I got in touch with myself last fall. Not quite as woo-woo as you might think. All I did was be honest with myself. I wasn’t happy in my job. I knew that. The so-called daily grind was truly taking its toll.

I had been with that work unit since May 2002 and in the manager position since October 2004. If you’re counting as of November 2017, that’s 15 years 6 months in that office, and 13 years 1 month in that one position.

But in being honest with myself, I set myself on a path that would change everything about what I was doing. So what happened? I received my pension statement in the mail. The statement outlines the earliest retirement date: 9 years away. Nine more years of being…a manager. That was my moment. I didn’t want to be a manager that long.

I know that no job is perfect and that moving to another job means acquiring different problems or challenges, and yet the appeal was there. I weighed pros and cons, and came to only one conclusion. I had nothing to lose if I didn’t try. Having made the decision, I only had to find a job. Things went so quickly from there. A job was posted, I was shortlisted, tested, interviewed and I was hired. From start to finish the hiring process was 6 weeks. But it would take another 4 weeks before I started the new position, which was March 12. I make more money. I have no management duties. And I’m continuing with subject matter that I already know. It’s about as good as it gets.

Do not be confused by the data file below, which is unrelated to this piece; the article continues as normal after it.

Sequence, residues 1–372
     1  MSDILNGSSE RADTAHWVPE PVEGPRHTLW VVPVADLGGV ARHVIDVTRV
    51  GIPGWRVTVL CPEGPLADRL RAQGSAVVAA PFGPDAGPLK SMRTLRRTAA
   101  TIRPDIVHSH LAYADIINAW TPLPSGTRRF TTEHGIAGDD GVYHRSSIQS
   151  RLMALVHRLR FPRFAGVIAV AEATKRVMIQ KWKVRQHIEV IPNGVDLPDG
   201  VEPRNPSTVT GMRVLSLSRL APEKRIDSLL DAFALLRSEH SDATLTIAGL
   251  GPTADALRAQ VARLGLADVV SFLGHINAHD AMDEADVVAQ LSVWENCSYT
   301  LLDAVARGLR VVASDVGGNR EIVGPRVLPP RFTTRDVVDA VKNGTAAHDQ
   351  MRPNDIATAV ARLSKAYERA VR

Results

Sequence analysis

Last week was about decompression. My new position has no overtime expectations, no responding to emails after hours—for the first time in years I didn’t have stress and I had my time back. Let me be clear, starting the new job wasn’t stressful at all, it was a relief.

I don’t know if it will always be so. But for now, it’s just what I need.